At a previous meeting of the Council agreement had been reached to devalue the green franc on 31 March for those items whose marketing year ended on that date. When the Council was asked to confirm that this applied to the theoretical end of the marketing year rather than the extended marketing year I demanded and obtained from the Council a statement approved by all Ministers that
"any Member State may ask for a reduction in negative MCAs and that agreement to such a decision should be independent of agreements on matters of another nature".
This clear statement should therefore prevent the reduction of negative MCAs from becoming a matter for negotiating positions in the future.

Is the right hon. Gentleman aware that we welcome his stand on a price freeze for products in structural surplus and his request to maintain the butter subsidy? Has he noticed that butter in storage is expected to rise from 69,000 to 88,000 tonnes in the coming year, at an extra cost to the British taxpayer of £24 million? Has he therefore made any proposals during this latest negotiation round to cut the butter surpluses and hence the cost to the United Kingdom budget?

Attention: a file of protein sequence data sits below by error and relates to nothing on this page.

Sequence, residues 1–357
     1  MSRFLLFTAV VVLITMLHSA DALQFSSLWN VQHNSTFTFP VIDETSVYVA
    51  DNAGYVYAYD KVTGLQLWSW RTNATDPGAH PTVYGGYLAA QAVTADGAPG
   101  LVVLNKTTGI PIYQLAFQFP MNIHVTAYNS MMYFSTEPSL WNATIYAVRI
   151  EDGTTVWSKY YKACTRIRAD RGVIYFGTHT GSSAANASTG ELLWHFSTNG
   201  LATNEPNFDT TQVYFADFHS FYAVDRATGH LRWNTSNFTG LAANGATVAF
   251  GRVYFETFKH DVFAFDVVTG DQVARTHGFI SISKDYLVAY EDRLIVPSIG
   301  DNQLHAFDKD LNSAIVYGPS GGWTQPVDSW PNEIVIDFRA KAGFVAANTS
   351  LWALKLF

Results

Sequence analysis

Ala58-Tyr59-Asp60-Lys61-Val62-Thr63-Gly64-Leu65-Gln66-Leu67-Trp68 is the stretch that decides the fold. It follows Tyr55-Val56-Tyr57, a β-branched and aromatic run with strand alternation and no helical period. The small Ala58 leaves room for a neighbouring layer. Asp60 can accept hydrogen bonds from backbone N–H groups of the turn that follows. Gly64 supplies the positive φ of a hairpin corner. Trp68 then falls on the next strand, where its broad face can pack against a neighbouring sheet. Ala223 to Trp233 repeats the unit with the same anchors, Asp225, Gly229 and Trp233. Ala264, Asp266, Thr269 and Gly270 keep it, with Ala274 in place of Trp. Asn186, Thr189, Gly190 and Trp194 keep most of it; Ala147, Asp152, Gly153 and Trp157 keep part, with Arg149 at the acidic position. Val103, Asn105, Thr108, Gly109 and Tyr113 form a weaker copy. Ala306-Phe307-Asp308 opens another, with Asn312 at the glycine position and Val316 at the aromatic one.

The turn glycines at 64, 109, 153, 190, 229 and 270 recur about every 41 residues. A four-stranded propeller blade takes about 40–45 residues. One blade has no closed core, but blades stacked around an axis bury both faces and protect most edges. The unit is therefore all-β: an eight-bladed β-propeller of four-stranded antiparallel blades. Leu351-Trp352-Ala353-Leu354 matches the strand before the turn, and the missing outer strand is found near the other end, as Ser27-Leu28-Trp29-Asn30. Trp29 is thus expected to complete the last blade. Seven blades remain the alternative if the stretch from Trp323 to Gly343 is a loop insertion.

Secondly, why did the right hon. Gentleman propose to tax British imports of food from the Community? Although agricultural exports would have been helped, the British consumer would have been punished again. With four devaluations of the green pound in the last 12 months, farmers have benefited to the tune of £340 million, while there has been a 4 per cent. increase in the food price index solely due to those four devaluations.

Recognising that we import twice as much food from the Common Market as we export to it, would not our food bill rise again with the changes that the right hon. Gentleman requested? Finally, what will be the position on the regulation that he has blocked beyond today, 31 March?